The exception seems to be printers, but this is likely due to their business model. In the chart below, printers are lumped in with all other peripherals, which see a typical claims rate in the 1.0% to 1.5% range. Printers on their own experience claims rates of 8% to 10%, because the price of the basic hardware is so heavily discounted. The revenue (and profits) derived from sales of toner and other printer supplies is not counted, because consumables are not usually backed with a warranty. They are guaranteed to work, but they're designed to be consumed and replaced.

Within the peripherals category in this chart, the high claims rates of printers is masked by the low claims rates of everything from monitors and speakers to batteries and scanners. So while Lexmark is at 8.7%, Tektronix is at 1.2%. While the digital projectors of inFocus Corp. are at 3.5%, the office machines of Xerox Corp. are at 1.8%. Meanwhile, the weighted average of some 63 peripherals manufacturers was at 1.15% during the first quarter.

Figure 2
Computer Industry
OEMs vs. Suppliers
Warranty Claims Rates,
First Quarter 2003 to First Quarter 2004

Source: Warranty Week from SEC data

By the way, all of the manufacturers of electronics components and printed circuit boards are counted within the sector entitled "semiconductors." All of the makers of flash memory, tape drives, and optical storage systems are counted under the "disk drive" heading. The choice of shorter labels for the red and orange lines was strictly an effort to avoid clutter.

As with automotive, however, the trend is clear. Those who put their name on the box experience higher warranty claims rates than those who supply the OEMs. While the curves aren't as flat in the computer market as they are in the automotive market, their relative positions are the same. The blue line -- the OEM's line -- is always higher than its suppliers.

High Claims Processing Costs?

Perhaps part of the reason is the cost of claims processing? Perhaps it's more expensive to process the claims of millions of consumers through thousands of dealers than it is to process the business-to-business claims coming in from just one or two OEMs? There must be a reason for the gap that has nothing to do with manufacturing, because if it was simply a matter of better quality control on the factory floor, why would the breakthroughs be restricted to just the supplier category? Why do almost all the suppliers have lower claims rates than almost all the OEMs?

Interestingly, this trend does not seem to cross over into every industry. The most notable exception seems to be the housing market, where a primary contractor manages the supply of subcontractor labor, purchased building materials, and appliances such as ovens, refrigerators, heating units and central air conditioning. In the chart below, the blue line is again the "OEM," though that term does not really fit the situation of a primary contractor overseeing the construction of new homes.

Figure 3
New Home Industry
Builders vs. Suppliers
Warranty Claims Rates,
First Quarter 2003 to First Quarter 2004

Source: Warranty Week from SEC data

Major homebuilders such as Lennar Corp., Pulte Homes Inc., KB Home, Centex Corp., and D.R. Horton Inc. see warranty claims rates generally in the 0.5% to 1.5% range, with a weighted average of 1.2% for the group in the first quarter of 2003 and 1.0% in the first quarter of 2004.

Perhaps home builders are better at supplier recovery than either automakers or computer manufacturers? Or perhaps proportionally low warranty claims rates are characteristic of the homebuilding industry? Maybe it's a function of home prices being many multiples larger than the average cost of a claim? In other words, a $50 claim on a computer is 3% of its price. A $500 claim on a car is 2.5% of its price. But a $2,000 claim on a home is only 1% of its price.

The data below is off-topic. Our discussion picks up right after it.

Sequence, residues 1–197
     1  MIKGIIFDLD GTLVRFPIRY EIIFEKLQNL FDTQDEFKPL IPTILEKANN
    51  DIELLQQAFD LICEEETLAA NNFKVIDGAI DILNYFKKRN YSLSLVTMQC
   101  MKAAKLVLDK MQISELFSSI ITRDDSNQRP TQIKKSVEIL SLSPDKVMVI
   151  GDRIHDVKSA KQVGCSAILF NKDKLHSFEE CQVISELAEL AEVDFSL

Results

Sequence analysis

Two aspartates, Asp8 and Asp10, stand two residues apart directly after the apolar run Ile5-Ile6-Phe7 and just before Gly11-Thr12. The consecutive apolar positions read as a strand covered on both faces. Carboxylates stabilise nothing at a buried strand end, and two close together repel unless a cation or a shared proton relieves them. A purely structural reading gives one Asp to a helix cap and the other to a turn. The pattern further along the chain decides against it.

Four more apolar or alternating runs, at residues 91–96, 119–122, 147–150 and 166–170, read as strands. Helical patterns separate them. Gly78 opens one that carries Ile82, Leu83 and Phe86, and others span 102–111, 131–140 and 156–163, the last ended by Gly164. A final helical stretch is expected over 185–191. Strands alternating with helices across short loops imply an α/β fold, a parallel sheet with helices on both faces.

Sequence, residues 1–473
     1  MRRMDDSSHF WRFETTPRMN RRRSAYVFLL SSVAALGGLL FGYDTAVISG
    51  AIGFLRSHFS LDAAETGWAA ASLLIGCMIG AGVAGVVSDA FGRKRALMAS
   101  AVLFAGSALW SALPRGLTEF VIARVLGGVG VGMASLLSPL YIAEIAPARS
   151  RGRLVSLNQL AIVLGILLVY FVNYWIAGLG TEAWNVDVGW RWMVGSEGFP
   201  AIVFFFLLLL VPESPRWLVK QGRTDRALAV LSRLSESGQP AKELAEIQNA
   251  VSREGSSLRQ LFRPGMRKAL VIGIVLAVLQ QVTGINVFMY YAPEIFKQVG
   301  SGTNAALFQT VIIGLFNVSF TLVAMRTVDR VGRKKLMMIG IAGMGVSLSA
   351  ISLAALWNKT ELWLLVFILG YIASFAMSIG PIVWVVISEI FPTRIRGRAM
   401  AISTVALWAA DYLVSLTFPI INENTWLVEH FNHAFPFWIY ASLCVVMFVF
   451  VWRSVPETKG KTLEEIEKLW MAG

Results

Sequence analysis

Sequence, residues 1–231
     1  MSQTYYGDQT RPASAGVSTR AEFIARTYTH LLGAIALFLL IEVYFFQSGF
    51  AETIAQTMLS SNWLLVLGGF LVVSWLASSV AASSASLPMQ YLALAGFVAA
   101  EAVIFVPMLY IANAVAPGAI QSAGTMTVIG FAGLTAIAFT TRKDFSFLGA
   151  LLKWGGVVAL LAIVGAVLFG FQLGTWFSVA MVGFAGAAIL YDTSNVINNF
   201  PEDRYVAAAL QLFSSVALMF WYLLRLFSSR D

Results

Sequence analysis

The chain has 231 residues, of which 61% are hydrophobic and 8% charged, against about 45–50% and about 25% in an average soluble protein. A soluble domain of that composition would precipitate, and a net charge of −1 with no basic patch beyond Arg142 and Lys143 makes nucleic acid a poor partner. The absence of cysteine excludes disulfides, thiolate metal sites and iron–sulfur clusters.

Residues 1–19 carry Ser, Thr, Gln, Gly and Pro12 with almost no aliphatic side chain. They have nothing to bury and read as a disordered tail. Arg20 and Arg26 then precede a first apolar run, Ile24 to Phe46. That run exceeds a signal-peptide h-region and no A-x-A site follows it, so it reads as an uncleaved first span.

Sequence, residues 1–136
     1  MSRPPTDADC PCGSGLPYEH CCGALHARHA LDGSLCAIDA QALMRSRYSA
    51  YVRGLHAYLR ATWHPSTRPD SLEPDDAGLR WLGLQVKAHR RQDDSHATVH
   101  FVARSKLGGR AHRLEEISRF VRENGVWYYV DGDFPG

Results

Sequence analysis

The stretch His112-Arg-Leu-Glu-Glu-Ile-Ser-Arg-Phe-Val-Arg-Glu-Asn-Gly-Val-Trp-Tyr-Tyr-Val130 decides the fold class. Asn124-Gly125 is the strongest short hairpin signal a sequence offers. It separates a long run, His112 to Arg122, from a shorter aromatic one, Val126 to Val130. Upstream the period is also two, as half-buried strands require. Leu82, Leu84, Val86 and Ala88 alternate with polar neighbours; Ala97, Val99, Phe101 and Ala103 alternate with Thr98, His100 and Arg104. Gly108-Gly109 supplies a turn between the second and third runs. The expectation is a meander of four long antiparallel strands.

Or maybe it's a function of the product's relative simplicity? If there's water in the basement, it's probably not an electrical problem. If there's no heat, it's probably not caused by cracks in the foundation. It doesn't take a mechanical engineering degree to diagnose the cause of a home's problem and pin it on a specific system vendor or subcontractor. With a computer or an automobile, however, one part's failure can cause others to fail. A bad power supply could burn out a motherboard. Both need to be replaced, but the blame can't be pinned on the motherboard's manufacturer. It might even be difficult to pin the blame on the power supply vendor. And even if it were possible, they might be liable only for a replacement power supply, and not either the motherboard or the labor involved.

In previous issues of Warranty Week, we've detailed the relatively low claims rates seen by most manufacturers of heating, ventilation, and air conditioning systems, which is confirmed by the red line in the chart above. What hasn't been previously shown are the similarly low rates seen by the makers of building supplies. This includes everything from plumbing hardware and hot tubs to carpets and countertops. It includes the windows of Owens Corning (0.3% claims rate) and the kitchen cabinets of the Masco Corp. (also a 0.3% claims rate). And it includes the pumps, pools, and tubs of Pentair Inc. (1.4%) and Jacuzzi Brands Inc. (1.1%).

Household Names

The highest claims rates to be found in the home are from kitchen and cleaning appliances. Setting aside for a moment those manufacturers who cross over into HVAC (American Standard Companies Inc.) or automotive (NACCO Industries Inc.), this segment is dominated by the likes of Whirlpool Corp., Maytag Corp., Applica Inc., Helen of Troy Ltd., Fedders Corp., Middleby Corp., Water Pik Technologies, and National Presto Industries Inc. Most are in the same 2% to 3% range as the automakers, with Water Pik's 4.2% and Fedders' 1.7% serving as the extremes.

With both automakers and computer manufacturers, it is apparent that the consumer-facing brands absorb most of the warranty expense. Perhaps the reason the same trend isn't so clearly defined in the new home industry also is a function of branding. Think about it. Who has the more visible brand image: Pulte and Lennar, or Maytag and Whirlpool? Perhaps readers can suggest some additional reasons why the final assemblers in autos and computers are left holding the bag in terms of warranty costs while homebuilders seem more adept at passing it on.